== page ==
- US has a heavy slate of first tier economic data this week; this could be a key week for the dollar
- With the media embargo in effect ahead of the June 19 FOMC, there are no Fed speakers this week
- UK has a heavy data week; Australia reports May jobs data Thursday
- China data dump for May is this week
- In EM, the central banks of Russia, Turkey, and Peru meet
US has a heavy slate of first tier economic data this week. The most important reading will be May retail sales Friday. Consensus sees headline up 0.6% m/m and would be a good bounce from the -0.2% reported in April. Both sales ex-autos and the so-called control group are seen rising 0.4% m/m. This report may have become more important than the jobs report now. May IP, April business inventories, and June Michigan sentiment will also be reported Friday.
This could be a key week for the dollar. The greenback has suffered as Fed easing expectations have gain strength. Recent US data have been unhelpful, and further weakness will likely lead to further dollar losses. Yet the canceled Mexico tariffs remove some recession risk for both nations.
Ahead of retail sales, the US reports April JOLTS job openings Monday. A higher reading of 7496 is expected, which would signal further tightness in the labor market. May PPI will be reported Tuesday, with headline expected at 2.0% y/y and core at 2.3% y/y. May CPI will be reported Wednesday, with headline expected a tick lower at 1.9% y/y and core steady at 2.1% y/y. The May budget statement will also be reported Wednesday.
Rather than the lagging jobs data markets are better off looking for a reliable leading or coincident indicator. The Chicago Fed National Activity Index fits the bill. The 3-month average was -0.32 in April, the low for the cycle but still above the recessionary threshold of -0.7. The May reading will be reported June 24. For a deep dive into this underrated indicator, please see our recent MarketView piece “Some Thoughts on the US Economy and Fed Policy.”
With the media embargo in effect ahead of the June 19 FOMC, there are no Fed speakers this week. It’s clear that markets are more dovish than the Fed right now. The Fed Funds futures market is pricing in up to three cuts this year, followed by more easing next year. WIRP suggests 17% odds of a cut this month, which we think overstates the case. July and September meetings are live but will be data-dependent.
The Atlanta Fed’s GDPNow model is now tracking 1.4% SAAR for Q2, down from 1.5% previously. Elsewhere, the New York Fed’s Nowcast model is tracking 1.0% SAAR for Q2 vs. 1.5% the previous week. More importantly, we got its initial estimate for Q3 growth of 1.3% SAAR. Q2 data have clearly been on the soft side, but we note that Q1 also started off on a soft note before rebounding to 3.2% SAAR growth in the advance report (3.1% SAAR in the first revision). While a slowdown from Q1 was to be expected, markets will be particularly sensitive for signs of a larger than expected drop-off.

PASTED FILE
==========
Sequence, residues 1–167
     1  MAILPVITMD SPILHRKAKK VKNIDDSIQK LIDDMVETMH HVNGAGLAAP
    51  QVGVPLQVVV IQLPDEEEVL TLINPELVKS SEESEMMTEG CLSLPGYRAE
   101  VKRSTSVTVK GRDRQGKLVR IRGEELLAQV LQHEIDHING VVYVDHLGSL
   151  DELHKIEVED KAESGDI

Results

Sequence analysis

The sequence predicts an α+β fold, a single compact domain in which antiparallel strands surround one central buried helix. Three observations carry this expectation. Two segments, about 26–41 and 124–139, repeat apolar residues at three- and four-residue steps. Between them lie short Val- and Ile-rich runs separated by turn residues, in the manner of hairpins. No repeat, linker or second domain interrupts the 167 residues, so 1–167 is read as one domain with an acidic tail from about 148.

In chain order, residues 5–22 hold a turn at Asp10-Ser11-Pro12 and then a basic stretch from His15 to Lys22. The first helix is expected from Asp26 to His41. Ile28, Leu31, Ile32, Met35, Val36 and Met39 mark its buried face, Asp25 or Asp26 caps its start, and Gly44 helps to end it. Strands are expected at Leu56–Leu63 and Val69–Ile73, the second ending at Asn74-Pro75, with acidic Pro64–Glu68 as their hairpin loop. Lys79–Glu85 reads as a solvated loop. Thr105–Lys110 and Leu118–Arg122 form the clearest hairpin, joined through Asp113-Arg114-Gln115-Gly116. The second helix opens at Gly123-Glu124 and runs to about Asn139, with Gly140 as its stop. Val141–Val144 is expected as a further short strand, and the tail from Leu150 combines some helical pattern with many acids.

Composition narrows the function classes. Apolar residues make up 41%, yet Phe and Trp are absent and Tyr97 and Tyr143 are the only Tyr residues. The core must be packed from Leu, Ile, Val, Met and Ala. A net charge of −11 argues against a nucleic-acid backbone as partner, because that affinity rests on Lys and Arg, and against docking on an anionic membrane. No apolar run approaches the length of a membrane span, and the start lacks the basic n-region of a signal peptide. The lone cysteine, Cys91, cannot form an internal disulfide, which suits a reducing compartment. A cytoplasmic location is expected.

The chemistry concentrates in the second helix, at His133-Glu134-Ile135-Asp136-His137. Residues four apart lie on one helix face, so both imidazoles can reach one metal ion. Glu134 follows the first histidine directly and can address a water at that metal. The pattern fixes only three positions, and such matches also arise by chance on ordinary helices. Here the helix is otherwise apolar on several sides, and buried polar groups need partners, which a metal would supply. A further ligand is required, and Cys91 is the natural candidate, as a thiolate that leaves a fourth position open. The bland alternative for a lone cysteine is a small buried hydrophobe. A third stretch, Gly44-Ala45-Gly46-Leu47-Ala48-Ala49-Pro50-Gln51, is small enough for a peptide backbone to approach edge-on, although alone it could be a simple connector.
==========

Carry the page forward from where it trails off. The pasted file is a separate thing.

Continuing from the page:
US tariffs on Mexico have been called off. The two countries have reached an agreement, though there is some confusion as to what was actually agreed. President Trump claims that Mexico agreed to large-scale purchases of US agricultural goods, but Mexico would not confirm. Press reports suggest that many aspects of the deal had already been agreed upon. Either way, the peso is seeing a relief rally.
UK has a heavy data week. April GDP, IP, trade, and construction output will be reported Monday. Labor market data will be reported Tuesday. Last week’s PMI readings for May confirm our suspicions that the UK economy will continue to weaken into the October 1 Brexit deadline. Despite ongoing hawkish comments from Governor Carney, the market does not believe the BOE will hike anytime soon.
Japan reported April current account and final Q1 GDP Monday. May machine tool orders will be reported Tuesday, followed by May PPI and April core machine orders Wednesday. Bank of Japan meets June 20, and no change is expected then. However, we expect further stimulus after the October consumption tax hike.
Australia reports May jobs data Thursday. Downside risks to the economy remain strong and so we see further easing ahead after the RBA just cut rates 25 bp. Next policy meeting is July 2, and it may be too soon for another hike. We favor a cut at either the August 6 or September 3 meetings.
China will report money and new loan data for May this week. Both new loans and aggregate financing are expected to increase from April. It reported May trade data, with exports rising 1.1% y/y vs. -3.9% expected but exports contracting -8.5% y/y vs. -3.5% y/y expected. China reports May CPI and PPI Wednesday and are expected to rise 2.7% y/y and 0.6% y/y, respectively. May retail sales and IP will be reported Friday and are expected to rise 8.0% y/y and 5.4% y/y, respectively.
Elsewhere in EM, the central banks of Russia, Turkey, and Peru meet. Of the three, Russia is the only one that is expected to move, as a 25 bp cut is priced in. Turkey will be under pressure to cut but it is too risky to move now. Late Friday, Chile shocked markets with a 50 bp cut to 2.5%. This reverses the entire tightening cycle so far and takes the policy rate back to the recent lows.